Wednesday, 11 July 2007

The Journey

I went down to Durham yesterday to fetch our new car - peace having once more been made with the British banking system.

I caught an early morning train down, via Newcastle, to Durham and then drove straight back. My ideal would have been to spend a bit of time exploring Hadrian's Wall, or maybe some of the nearby coastline but parenting commitments back in Glasgow did not permit.

That said I really enjoyed the journey. It reminded me of why I don't like flying - firstly because I am afraid the machine might plummet to the ground, but also because flying is too fast and too distant from the action to give a real sense of the journey. Driving a large vehicle along long stretches of highway reminded me of the trip I did with my mom and my dog from Cape Town to Zambia.

Over a distance of over 3000kms we left the pace of the city and moved in convoy with our truck to the sedate and dusty streets of Lusaka. We encountered heat, dust, goats, elephants, giraffes, unbelievable African bureaucracy and phenomenal scenery. Our route took us through Mafikeng, into Botswana, through Nata with its endless salt pan, over the border to Zambia on the Kazungula ferry and onto the Great North Road to Lusaka.

The ferry was undoubtedly the moment of greatest symbolic change- a 400m comma between what I knew in southern Africa and what I would come to know in Central Africa. It slowly carries a truck and a few cars at a time over the crocodile and hippo laden waters of the Zambezi. As you wait your turn there's little to do but ponder the islands and banks belonging to Zambia, Namibia, Botswana and Zimbabwe, and the animals who travel obliviously passport-free between them.

I hear that the new bridge at Shesheke is easing the pressure on the pontoon as many trucks now detour through Namibia. But it took us time to cross the Zambezi – queuing, waiting, chatting with others doing the same. And finally being carried over on the belching platform as it fought against the rivers flow. It was the best introduction possible to Central Africa – chaotic, beautiful, slow. It could not be forced and it all got done in its own way and in its own time. I'm sure it was frustrating at the time but now I long for journeys that speak so accurately and honestly of the destinations they reach.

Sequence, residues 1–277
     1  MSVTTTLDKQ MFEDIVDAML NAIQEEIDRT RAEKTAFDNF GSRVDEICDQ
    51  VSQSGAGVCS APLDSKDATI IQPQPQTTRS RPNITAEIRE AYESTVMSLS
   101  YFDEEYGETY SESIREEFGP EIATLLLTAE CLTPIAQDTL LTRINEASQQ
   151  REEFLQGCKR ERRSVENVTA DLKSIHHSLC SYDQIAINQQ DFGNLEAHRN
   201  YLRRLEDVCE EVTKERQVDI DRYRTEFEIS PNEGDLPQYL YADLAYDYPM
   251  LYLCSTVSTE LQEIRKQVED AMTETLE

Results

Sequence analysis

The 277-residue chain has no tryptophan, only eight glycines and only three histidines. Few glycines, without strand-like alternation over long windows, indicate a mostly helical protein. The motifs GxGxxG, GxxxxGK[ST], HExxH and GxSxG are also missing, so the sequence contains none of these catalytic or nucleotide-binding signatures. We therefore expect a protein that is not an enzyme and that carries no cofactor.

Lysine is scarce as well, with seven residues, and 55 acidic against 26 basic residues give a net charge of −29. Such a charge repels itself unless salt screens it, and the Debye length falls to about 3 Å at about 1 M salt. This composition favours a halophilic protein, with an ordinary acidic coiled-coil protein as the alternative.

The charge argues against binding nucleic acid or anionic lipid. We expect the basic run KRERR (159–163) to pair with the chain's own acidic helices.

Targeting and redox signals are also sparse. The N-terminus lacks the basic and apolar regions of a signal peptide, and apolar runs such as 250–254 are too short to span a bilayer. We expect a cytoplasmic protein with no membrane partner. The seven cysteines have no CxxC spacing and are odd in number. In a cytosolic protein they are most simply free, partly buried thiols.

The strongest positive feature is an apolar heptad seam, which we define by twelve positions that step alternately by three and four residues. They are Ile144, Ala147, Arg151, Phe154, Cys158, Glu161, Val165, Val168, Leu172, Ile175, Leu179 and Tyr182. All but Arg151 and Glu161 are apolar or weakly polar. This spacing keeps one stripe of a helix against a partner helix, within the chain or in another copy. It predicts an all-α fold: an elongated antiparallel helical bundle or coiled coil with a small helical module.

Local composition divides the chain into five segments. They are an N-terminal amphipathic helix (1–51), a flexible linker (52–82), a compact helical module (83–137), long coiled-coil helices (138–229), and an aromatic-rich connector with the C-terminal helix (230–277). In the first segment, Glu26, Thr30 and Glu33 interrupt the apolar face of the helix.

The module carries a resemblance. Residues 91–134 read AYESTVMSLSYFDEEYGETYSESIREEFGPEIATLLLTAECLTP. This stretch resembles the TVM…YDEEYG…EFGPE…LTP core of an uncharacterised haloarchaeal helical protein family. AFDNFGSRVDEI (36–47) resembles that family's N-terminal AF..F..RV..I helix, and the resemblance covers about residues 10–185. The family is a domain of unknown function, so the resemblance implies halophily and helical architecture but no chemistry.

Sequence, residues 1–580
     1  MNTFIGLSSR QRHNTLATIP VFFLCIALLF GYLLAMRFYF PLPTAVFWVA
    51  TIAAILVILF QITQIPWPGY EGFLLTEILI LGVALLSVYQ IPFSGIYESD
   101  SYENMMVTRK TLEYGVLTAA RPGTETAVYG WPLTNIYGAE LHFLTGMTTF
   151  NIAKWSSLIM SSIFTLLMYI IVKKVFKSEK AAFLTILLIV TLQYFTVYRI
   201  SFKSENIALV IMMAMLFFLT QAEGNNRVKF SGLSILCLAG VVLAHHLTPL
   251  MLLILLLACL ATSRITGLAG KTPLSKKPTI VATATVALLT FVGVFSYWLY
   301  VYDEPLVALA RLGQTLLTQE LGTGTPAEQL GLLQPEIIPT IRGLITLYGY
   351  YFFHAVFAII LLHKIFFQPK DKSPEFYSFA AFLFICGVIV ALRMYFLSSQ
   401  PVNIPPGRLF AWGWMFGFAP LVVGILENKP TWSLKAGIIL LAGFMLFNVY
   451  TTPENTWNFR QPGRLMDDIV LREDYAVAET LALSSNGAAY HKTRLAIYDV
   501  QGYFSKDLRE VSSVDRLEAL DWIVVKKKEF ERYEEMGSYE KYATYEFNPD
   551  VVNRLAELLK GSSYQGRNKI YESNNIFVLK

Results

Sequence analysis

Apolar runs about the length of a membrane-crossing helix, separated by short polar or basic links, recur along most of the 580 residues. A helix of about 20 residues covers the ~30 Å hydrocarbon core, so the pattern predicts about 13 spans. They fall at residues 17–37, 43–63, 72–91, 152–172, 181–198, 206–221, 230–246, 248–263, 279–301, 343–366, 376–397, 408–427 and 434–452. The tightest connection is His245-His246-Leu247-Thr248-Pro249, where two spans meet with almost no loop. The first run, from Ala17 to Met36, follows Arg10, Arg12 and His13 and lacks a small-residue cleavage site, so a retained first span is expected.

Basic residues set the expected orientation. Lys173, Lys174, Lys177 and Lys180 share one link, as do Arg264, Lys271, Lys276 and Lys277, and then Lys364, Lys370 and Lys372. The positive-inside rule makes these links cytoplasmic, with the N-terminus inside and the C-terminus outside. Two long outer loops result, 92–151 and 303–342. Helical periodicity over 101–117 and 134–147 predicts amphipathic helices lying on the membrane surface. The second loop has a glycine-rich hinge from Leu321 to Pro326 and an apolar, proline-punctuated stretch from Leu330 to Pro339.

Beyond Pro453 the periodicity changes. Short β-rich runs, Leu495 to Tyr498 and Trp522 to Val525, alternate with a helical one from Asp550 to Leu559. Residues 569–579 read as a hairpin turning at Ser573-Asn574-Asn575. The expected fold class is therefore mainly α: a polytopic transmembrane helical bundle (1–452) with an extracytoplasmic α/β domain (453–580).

17 comments:

Kaycie said...

Beautiful. I do believe I would enjoy traveling with you.

Iota said...

What a lovely description.

I hope you are going to have many fun journeys in your new car.

The Good Woman said...

Thanks Kaycie.

And me too Iota!

Omega Mum said...

Very atmospheric. Thank you.

Katie said...

Lovely post. I prefer to travel by train if possible - there's nothing like watching the scenery go by while listening to some great music on my headphones.

Drunk Mummy said...

Sounds like you should start a Slow Travel movement (like the Slow Food one) to better appreciate the joys of travelling.
My school run is slow enough at the moment, however.

The Good Woman said...

Thanks to you too Omega.

I love train travel too Katie - a very senbsible pace (although even that is changing).

I love your idea Drunk Mummy. Slow travel. I promise to make it clear that it does not include school runs where the possiblility of warp speed clearly needs to be resolved.

Annie said...

Great post. My parents often talked of the particular smell of Zambia - smells like that never leave your memory either, I find.

The Good Woman said...

Woodsmoke and (this always gets me) new rain on hot earth - those are my Zambia smells Annie. Do your parents ever talk about the cicadas? That's my Zambia soundtrack.

Annie said...

The crickety type things? - YES!!

They say coming here to where I live reminds them in some ways of Zambia. We have a lot of crickets chirping in the evenings. And, even though this town is rapidly growing, there are areas that we drive through that are more rural with homes built low and under the shade of several large trees - with dusty lanes for driveways. My Aunts whom have visited me, and visited us in Zambia years ago drew the same comparisons.

My Mum bought me some frangipani recently for our garden in Florida - another Zambian memory. Sorry, should have done my own blog post on this eh? ;)

The Good Woman said...

I used to do yoga under a beautiful frangipani in the garden. Sigh...

Unfortunately this spoiled me. Indoor yoga just doesn't do it for me. My hips have suffered most. But now I am contemplating a trip to Florida....

Stay at home dad said...

You've settled effortlessly into striking comparisons between your two continents TGW. Very nice.

lady macleod said...

beautiful description of the journey.
Now the new car is to take to Africa? man when you pack, you don't screw around!

The Good Woman said...

Thanks SAHD.

ANd Lady M. Yes, but we'er only taking one container - with the car plus the balance of our worldly possesions. Considereing the size of our car, our worldly possessions are not allowed to be too plentiful!

Crystal Jigsaw said...

A place I would love to visit. A world away from our own familiar surroundings.

Crystal xx

The Good Woman said...

Yes, Crystal, a very differnt place and well worth a visit.

Gwen said...

What lovely desriptions. It makes you realise the joys of taking your time over travel.